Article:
The National Audit Office (NAO) was recognised as the best performer in the public service in the 2018/19 after it, among others, managed to audit 35 local councils, 43 out of 50 votes in the 2018/19 financial budget and 17 treasury-funded institutions.
The 2018/19 Auditor General’s report for ministries, departments and agencies (MDAs) epitomised the progress that had been made at the office in that year. Malawians had reason to hope that the public sector reforms were finally starting to show some discernible results.
Granted, only four of the 19 embassies were audited, but the signs were there that the NAO was finally stepping up to provide the much-need oversight and curb gross financial mismanagement in MDAs.
It, therefore, came as a surprise when Malawians learned on Tuesday that Government had slashed the NAO’s funding in this fiscal year, granting the office K280 million less than it did in the previous financial year.
Acting Auditor General Thomas Makiwa reportedly told Parliament on Tuesday that he was concerned that the reduction in funding would affect the coverage, depth and complexity of the audits that the institution planned to conduct in this financial year.
Makiwa has good reason to be apprehensive. Malawi, with its long and unenviable history of institutionalised corruption and gross financial mismanagement, needs a robust and well-funded national audit authority to contain the malaise.
That the coronavirus (Covid-19) pandemic has severely hit government revenues is there for all to see. Covid-19 and the measures put in place to contain it have disrupted economic activity, particularly in the education, agricultural, tourism and leisure sectors.
Not only that, but the pandemic has also placed a huge strain on our public service system, particularly in the health sector. Billions of public funds have been redirected to hire new medical staff and procure equipment to prepare the national health system for the pandemic.
All of that has put Government in an awkward position where it has to spend more when its capacity to generate revenue has been undermined. Surely, the folks at Capitol Hill deserve a little sympathy for implementing funding cuts in other sectors.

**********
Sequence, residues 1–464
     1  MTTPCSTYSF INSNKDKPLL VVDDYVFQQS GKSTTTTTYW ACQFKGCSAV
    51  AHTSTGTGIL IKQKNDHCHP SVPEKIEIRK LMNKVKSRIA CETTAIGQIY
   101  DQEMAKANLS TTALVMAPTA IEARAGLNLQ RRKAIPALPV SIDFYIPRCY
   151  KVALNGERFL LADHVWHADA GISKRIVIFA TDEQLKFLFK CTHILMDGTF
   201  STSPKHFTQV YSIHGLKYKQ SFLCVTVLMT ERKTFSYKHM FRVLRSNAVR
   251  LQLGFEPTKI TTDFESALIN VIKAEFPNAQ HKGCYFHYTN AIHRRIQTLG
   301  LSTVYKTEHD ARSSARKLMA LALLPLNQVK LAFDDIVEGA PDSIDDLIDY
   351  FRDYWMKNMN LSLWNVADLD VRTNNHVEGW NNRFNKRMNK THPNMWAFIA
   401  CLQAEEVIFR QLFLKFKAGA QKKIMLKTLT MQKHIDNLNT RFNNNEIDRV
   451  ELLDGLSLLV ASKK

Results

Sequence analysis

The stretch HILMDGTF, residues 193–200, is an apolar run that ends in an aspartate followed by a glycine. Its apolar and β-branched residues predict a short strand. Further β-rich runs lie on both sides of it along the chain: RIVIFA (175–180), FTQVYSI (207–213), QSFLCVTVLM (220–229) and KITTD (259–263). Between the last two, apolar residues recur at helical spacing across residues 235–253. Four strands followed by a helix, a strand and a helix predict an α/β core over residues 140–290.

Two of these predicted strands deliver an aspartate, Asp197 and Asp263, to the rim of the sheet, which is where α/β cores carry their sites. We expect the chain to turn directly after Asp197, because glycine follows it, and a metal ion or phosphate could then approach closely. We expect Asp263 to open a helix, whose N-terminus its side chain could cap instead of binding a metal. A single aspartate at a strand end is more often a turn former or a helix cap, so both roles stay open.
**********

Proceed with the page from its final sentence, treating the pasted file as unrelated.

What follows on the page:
Nonetheless, I strongly feel that the NAO and the good ladies and gentlemen who are working tirelessly at the institution to stamp out financial mismanagement at the institution should have been spared from unnecessary budget cuts.
In fact, they should have been given more to build from their excellent work in the past year. Malawi needs strong oversight institutions to ensure that public funds are allocated to the right areas and are used for their intended purpose.
When the Office of the Director of Public Procurement, one of the first line oversight institutions in public financial management, fails to flag misallocation and inflated prices in MDA procurement protocols, the NAO is the last line of defence against financial abuse.
NAO should, therefore, be empowered to ensure that it can adequately capture and document all misallocated and misappropriated funds in MDAs. That is the best way to ensure that public funds are used for their intended purposes.
If Government ever needed a reason to prove that it needs a powerful and well-funded national audit authority, it needs to look no further than the video of two of its own ministers conspiring and conniving to divert Covid-19 funds to their pockets.
That video, which has since gone viral and was, until recently, trending on social media, should serve as proof that some of the topmost authorities in this government cannot be trusted to properly manage the resources under their care.
To date, there has been no investigation to gauge the extent of the duo’s mischievous scheme. Coincidentally, there has been no update on how Government is using the resources it got to help it manage and contain the pandemic.
I can take all day recounting cases where public funds have been misappropriated by the very same people charged with managing them, but the point is; we need the NAO to check against this type of financial mismanagement.
And the NAO needs to be properly funded to ensure that it can carry out its mandate to conduct comprehensive and thorough audits on MDAs, particularly now when government finances are strained by the pandemic.
Every penny counts and Malawians cannot afford losing public funds to unprincipled individuals. Give the NAO the power to protect public funds. n